# now actually match the desired part. this is the same
                 # as the lookahead, except we do not allow for commas
                 # outside of parentheses now, so that you only get the
                 # first comma-separated part

If you ever add an input example like aaa(xxx(yyy()) where you want to match xxx(yyy()) then this approach will not match it. In fact, no regex that does not use recursion can handle arbitrary nesting levels.

Since your regex flavor doesn't support recursion, you are probably better off without using regex at all. Even if my last regex matches all your current input examples, it's really convoluted and maybe not worth the trouble. How about this instead: walk the string character by character and maintain a stack of parenthesis positions. Then the following pseudocode gives you everything after the last unmatched (:

while you can read another character from the string
    if that character is "(", push the current position onto the stack
    if that character is ")", pop a position from the stack
# you've reached the end of the string now
if the stack is empty, there is no match
else the top of the stack is the position of the last unmatched parenthesis;
     take a substring from there to the end of the string

To then obtain everything up to the first unnested comma, you can walk that result again:

nestingLevel = 0
while you can read another character from the string
    if that character is "," and nestingLevel == 0, stop
    if that character is "(" increment nestingLevel
    if that character is ")" decrement nestingLevel
take a substring from the beginning of the string to the position at which
  you left the loop

These two short loops will be much easier for anyone else to understand in the future and are a lot more flexible than a regex solution (at least one without recursion).

  • Thank you for your answer. However, it is a bit complicated for my knowledge in RegEx. I use free tools (Expresso and EditPadPro) to build and test regular expressions. Both do not understand RegEx with comments and multiline. Please, you could write in a single line?
    – jcfaria
    Jun 12 '13 at 22:26
  • @jcfaria you just need to remove the comments and all whitespace between elements: (?(DEFINE)(?P<parenthesized>[^()]*(?:[(](?P>parenthesized)[)][^()]*)*))(?<=[(])(?P>parenthesized)?$ Jun 12 '13 at 22:29
  • That I had done, but both tools showed errors in this RegEx: (?P>parenthesized)? Illegal group syntax, zero or one repetitions
    – jcfaria
    Jun 12 '13 at 22:49
  • @jcfaria then your tools are not using PCRE and don't support recursion. Indeed, Expresso uses the .NET flavor (which supports balancing groups instead) and EditPad Pro probably uses the same engine as RegexBuddy, which also doesn't support PCRE's recursion. if you are using my expression eventually with PCRE, it's going to work. otherwise it can't because recursion is exclusive to PCRE. also, if you are using neither .NET nor PCRE, you cannot fully solve your problem, due to the nested structure. Jun 13 '13 at 0:27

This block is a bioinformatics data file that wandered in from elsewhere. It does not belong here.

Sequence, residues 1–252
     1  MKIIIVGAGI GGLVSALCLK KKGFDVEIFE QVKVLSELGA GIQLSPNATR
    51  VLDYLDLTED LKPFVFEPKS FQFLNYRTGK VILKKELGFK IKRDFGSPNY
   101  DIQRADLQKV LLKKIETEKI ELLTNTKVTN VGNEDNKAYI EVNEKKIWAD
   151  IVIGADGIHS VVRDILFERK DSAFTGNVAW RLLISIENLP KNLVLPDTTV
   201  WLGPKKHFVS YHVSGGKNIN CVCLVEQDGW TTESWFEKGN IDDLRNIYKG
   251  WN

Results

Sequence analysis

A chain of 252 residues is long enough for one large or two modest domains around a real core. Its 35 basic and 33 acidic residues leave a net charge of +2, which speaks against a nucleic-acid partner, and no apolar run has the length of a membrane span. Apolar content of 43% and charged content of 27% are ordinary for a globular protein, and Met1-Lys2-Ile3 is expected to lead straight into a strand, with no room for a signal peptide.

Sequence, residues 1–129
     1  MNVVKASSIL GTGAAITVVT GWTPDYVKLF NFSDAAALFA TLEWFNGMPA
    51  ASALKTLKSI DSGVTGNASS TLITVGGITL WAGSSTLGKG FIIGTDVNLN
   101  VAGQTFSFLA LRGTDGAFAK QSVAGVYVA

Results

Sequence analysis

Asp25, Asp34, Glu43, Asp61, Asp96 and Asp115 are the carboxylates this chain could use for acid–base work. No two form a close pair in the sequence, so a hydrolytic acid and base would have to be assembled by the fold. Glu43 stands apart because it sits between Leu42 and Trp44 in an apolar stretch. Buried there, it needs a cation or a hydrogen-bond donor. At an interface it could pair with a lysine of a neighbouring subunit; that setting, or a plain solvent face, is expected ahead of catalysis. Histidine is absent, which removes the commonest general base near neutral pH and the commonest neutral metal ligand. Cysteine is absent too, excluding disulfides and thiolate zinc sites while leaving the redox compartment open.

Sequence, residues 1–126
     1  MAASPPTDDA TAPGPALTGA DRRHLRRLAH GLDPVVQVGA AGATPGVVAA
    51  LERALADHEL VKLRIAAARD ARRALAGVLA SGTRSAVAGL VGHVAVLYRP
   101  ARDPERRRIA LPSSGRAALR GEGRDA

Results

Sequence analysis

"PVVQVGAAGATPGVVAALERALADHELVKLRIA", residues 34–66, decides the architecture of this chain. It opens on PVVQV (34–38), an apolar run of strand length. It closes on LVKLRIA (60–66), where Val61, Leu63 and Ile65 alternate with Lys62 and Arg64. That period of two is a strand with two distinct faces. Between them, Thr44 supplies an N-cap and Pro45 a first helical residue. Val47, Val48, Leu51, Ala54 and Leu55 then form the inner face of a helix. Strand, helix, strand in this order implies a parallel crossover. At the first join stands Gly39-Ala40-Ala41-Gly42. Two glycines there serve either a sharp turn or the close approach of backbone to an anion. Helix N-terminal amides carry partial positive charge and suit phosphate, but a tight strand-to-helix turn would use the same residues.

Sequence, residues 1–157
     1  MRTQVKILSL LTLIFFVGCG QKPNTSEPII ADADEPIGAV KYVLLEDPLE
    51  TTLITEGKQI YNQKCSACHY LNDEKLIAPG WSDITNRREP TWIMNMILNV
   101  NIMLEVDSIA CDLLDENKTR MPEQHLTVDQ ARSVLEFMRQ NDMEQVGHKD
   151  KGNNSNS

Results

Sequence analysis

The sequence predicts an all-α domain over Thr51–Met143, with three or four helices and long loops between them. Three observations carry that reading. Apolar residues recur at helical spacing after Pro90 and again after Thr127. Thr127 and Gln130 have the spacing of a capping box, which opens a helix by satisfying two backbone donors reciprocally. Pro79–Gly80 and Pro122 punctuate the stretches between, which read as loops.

• @jcfaria I just noticed that you mentioned in your question that you are using Object Pascal. I suppose you are using the TRegExpr engine? This is not PCRE but implements only a subset of Perl's regex flavor. For instance, it does not support recursion (although it doesn't mention lookarounds either). I'll edit my answer with a limited alternative approach. Jun 13 '13 at 10:02

Use look aheads:

(?<=\()(?=([^()]*\([^()]*\))*[^()]*$).*?(\(.*?\))?(?=[ ,]|$)(?! <-)(?<! <-)

See this running on rubular passing all test cases posted in the question.

  • This is not quite consistent as to where to find the result. For input aaa(y( <- bbb(xxx) the result is in capture group 1, but for aaa(bbb(x), ccc(x) the result is in group 0 (i.e. the actual match). It also doesn't work if the desired result contains deeper nesting levels. Jun 12 '13 at 13:39
  • @m.buettner previous version only failed on that one test case. I added a look ahead to fix it. See edited answer and rubular link
    – Bohemian
    Jun 13 '13 at 2:26
  • @Bohemian, many thanks for your attention! Your new RegEx version really work for all original test cases. However, when implementing your RegEx in the development software and testing it, I just found two cases (see edited original question) that it no matches. Please, could you do a small adjust to match these new cases?
    – jcfaria
    Jun 13 '13 at 9:21
  • @jcfaria I did it! This regex now passes all your test cases. I added another optional term that grabs any text in brackets at the end of the target. btw, this is the longest regex I've ever coded :)
    – Bohemian
    Jun 13 '13 at 21:28
  • @Bohemian, many many thank you for this regex! It really passes in all test cases. One of the books I'm reading says that long regex do exactly what we want... seems that this is a case! ;)
    – jcfaria
    Jun 13 '13 at 22:37

Your Answer

By clicking “Post Your Answer”, you agree to our terms of service, privacy policy and cookie policy

Not the answer you're looking for? Browse other questions tagged or ask your own question.